CARTILAGE AND OSTEOARTHRITIS: WHAT IS THE CONNECTION?
You would have seen us talk a bit about cartilage in the previous 2 articles, but let's get into it in a bit more detail now. Cartilage is a strong, flexible connective tissue that protects your joints and bones. It acts as a shock absorber throughout your body.1 Essentially, it enables nearly frictionless joint motion.2
It is responsible for three main functions within your body:
Absorbing shock: Cartilage cushions your bones and joints when you move and use them.
Reducing friction: The cartilage and the fluid in your joints, help the bones slide past each other without rubbing together.
Supporting structures in your body: Cartilage helps your joints keep their shape while moving.1
SO YOU MAY BE WONDERING WHAT THE CONNECTION BETWEEN CARTILAGE AND OSTEOARTHRITIS (OA) IS...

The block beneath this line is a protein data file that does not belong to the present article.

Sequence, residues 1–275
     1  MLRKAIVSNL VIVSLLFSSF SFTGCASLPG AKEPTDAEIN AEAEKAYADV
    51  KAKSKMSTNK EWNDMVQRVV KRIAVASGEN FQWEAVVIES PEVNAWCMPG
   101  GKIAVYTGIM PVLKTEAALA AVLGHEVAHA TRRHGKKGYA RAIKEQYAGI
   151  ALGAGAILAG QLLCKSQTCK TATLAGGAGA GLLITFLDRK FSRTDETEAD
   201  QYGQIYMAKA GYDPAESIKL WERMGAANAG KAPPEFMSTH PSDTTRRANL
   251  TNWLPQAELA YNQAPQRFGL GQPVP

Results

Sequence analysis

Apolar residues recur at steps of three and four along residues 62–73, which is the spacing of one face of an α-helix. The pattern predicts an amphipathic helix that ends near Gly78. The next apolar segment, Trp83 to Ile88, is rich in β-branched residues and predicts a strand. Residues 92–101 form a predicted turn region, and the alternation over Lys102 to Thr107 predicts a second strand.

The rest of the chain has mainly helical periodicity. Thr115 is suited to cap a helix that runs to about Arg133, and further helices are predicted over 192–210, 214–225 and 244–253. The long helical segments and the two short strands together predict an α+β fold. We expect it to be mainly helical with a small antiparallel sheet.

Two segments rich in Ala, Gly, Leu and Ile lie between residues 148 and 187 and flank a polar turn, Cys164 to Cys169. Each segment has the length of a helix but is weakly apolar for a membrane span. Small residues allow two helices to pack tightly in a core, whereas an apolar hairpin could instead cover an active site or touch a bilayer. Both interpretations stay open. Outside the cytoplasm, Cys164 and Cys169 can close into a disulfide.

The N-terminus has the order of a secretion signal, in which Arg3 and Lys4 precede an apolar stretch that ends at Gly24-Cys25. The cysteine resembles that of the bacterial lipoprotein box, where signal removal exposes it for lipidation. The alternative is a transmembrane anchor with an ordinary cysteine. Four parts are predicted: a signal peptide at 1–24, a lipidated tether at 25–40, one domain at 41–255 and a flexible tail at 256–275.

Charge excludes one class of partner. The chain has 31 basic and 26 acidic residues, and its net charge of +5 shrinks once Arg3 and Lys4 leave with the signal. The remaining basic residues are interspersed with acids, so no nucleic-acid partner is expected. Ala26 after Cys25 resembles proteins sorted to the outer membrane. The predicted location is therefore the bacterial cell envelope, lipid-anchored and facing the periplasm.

Well, OA occurs when the cartilage that cushions the ends of the bones in your joints gradually wear down over time.2 Eventually, if the cartilage wears down completely, bone will rub on bone which causes the pain felt when OA is left untreated.2 This is why OA has often been referred to as the “wear and tear” disease.
The destruction of joint cartilage causes pain, swelling and reduced movement of the affected joints.
WHAT WILL HAPPEN IF OA IS LEFT UNTREATED?3
The damage will persist and worsen as the cartilage will offer less protection resulting in the irritants doing more damage to the affected joints. The healing process of the cartilage slows down and the flare-ups will continue. Eventually as the cartilage disappears, the bone is exposed and the pain will become much worse.